Growing up, I received a liberal arts education. My parents wanted me to be able to see beyond one perspective, and understand others’ opinions—even if I didn’t agree. They wanted me to base my opinions on reason, not emotion. Ultimately, they wanted me to challenge assumptions, gather information and make my own informed decisions on a wide variety of topics.

Thanks to my parents, I was recently able to challenge a longstanding convention—the power of positivity.

Now, don’t get me wrong, I think that being positive can be a good thing. However, according to several research studies, the power of negative thinking is important, too.

It seems a bit counterintuitive, but many situations in life actually call for a healthy dose of negativity. For example, a few years ago, I tried to start a new workout routine. I told myself that I’d feel better and look healthier if I did it, but these positive thoughts didn’t entice me to exercise.

As a matter of fact, I had all but stopped working out when I had a good friend challenge me. He told me that I was wasting my time trying to start exercising, and he suggested that I just give up.

Suddenly, I resumed my workouts with more fervor than ever before. The implication that I should just give up was so infuriating to me that I was actually inspired to take action.

Looking back on this event, I try to think about what would have happened if my friend told me something more uplifting. Frankly, if that had been the case, I don’t think anything would have changed. It turns out that from time to time, negativity is key.

Alright, enough about me, let’s get to the important stuff—negative keywords and PPC advertising.

Understanding Sentiment

First things first, I’m going to give you the 30-000-foot view. Advertisers use a multitude of persuasive strategies to sell their products and/or services. One of the most popular forms of persuasion is called pathos. Simply put, pathos is an appeal to emotion.

When an advertiser employs this technique, their main goal is to elicit an emotional response from a consumer. Here’s an example:

If you haven’t seen this advertisement before—or you don’t remember it well—here’s its premise: animals are beaten and abused every day, waiting for someone to help them. If you all or join the BCSPCA, you can help.

I’m just going to come right out and say it; this advertisement is emotional. You feel guilty looking at tortured animals, so you’re persuaded to send money and help.

Well played, McLachlan and BCSPCA, well played. 

On another note, pathos strategies can evoke emotions like happiness from consumers.

The advertisement above shows two friends enjoying themselves while drinking coke. They make it look so enjoyable that you feel a bit happier simply by looking at all the fun they’re having.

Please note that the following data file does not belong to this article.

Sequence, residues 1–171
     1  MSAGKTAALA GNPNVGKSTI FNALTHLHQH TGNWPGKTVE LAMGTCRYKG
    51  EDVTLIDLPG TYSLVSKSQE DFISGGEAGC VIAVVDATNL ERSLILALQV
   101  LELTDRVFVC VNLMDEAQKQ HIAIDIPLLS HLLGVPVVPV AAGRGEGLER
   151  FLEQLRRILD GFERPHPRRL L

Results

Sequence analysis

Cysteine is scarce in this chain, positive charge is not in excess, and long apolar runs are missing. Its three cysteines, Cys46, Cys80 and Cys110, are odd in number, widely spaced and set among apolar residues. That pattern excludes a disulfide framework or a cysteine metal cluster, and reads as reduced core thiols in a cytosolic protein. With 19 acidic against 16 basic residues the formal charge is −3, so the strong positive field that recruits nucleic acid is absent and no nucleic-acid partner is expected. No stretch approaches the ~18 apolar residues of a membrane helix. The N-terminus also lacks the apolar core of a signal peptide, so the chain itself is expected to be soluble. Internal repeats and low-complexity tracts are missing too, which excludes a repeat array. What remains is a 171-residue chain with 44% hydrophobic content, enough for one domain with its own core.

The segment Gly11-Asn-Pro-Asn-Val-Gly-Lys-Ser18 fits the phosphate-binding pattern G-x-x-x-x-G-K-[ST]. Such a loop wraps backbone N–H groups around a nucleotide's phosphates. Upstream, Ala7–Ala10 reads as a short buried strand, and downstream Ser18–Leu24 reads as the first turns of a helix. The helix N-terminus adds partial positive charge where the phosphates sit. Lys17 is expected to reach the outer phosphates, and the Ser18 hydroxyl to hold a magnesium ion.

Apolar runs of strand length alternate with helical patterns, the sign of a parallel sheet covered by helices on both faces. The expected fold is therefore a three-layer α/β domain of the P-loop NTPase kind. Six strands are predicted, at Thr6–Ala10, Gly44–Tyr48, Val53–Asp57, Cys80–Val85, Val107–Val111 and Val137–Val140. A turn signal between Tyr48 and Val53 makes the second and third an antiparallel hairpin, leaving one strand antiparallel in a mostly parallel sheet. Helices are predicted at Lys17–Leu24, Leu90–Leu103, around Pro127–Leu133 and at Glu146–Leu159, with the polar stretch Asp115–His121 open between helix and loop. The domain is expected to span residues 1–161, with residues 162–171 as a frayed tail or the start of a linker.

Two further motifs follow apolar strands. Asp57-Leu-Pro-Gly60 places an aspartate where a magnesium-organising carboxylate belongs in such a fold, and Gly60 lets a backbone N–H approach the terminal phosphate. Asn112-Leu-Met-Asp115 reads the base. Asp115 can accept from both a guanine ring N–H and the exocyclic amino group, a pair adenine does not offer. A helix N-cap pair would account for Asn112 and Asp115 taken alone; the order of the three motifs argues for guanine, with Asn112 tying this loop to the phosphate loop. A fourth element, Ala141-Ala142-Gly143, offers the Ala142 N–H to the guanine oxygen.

Alright, so at this point, you get the picture.

Advertisers try to play on emotional triggers through advertisements. Overall, they can do this in a variety of ways, but two popular ways are through using positive and negative advertisements that persuade viewers to take action.

Now, here’s the last thing I need to mention … Some people and advertisers *cough,* WordStream, *cough* also claim that some sentiment lives in “neutral” territory. The examples they provide for these types of advertisements are chalk full of information that’s not necessarily sentimental. They simply include details devoid of sentiment that help consumers make buying decisions.

Now, I’m going to let you in on a little insider secret: when you think about sentiment regarding PPC, DON’T think about ads in “neutral territory.”

As far as sentiment is concerned, there’s only positive and negative sentiment. Although some advertisers will try to tell you that there is neutral sentiment, there’s really not.

What they define as neutral sentiment is really logos, which is an appeal to logic and reason.

OK, I’ll get off my soap box.

A/B Testing Your Own Content

Now that we have the nitty-gritty details sorted out, it’s time for you to form your own opinion. I believe in the power of negative keywords, but you shouldn’t take my word for it. Instead, you should start to do your own A/B testing to understand how negative sentiment influences your PPC success.

If you’re currently running a campaign, evaluate it and decide if it’s positive, negative or neutral. If it’s positive, create a similar advertisement that uses negativity and test them against one another for at least two weeks.

If your current campaign is negative, create a positive advertisement and then test the two against one another for two weeks. If your advertisement is neutral, you’ll do the same thing as someone starting from scratch. If you fall into one of these two categories, your first step will be to create brand new positive and negative advertisements that are very similar.

To quickly review what this might look like, pretend you own a staffing company named “A+ Staffing.” Your positive message might be something like “Improve your recruiting with the help of A+Staffing.” Your negative message might read “With the help of A+ Staffing, you can stop wasting money on recruiting.”

As you carry out your tests, you might find that your negative keywords have more success than your positive keywords.

After all, people take great risks to avoid loss.

Albeit unconventional, the power of negative thinking shouldn’t be understated. Depending on the situation, positive thinking doesn’t always work. To ensure that you’re finding the most PPC success, test out positive and negative framing to see which one produces the biggest return.

Oh, and before I sign off, I have a shameless plug: DigiMar specializes in PPC campaigns. We understand what it takes to optimize your advertising game plan, and we’re ready to help. Please reach out to us directly for more information.

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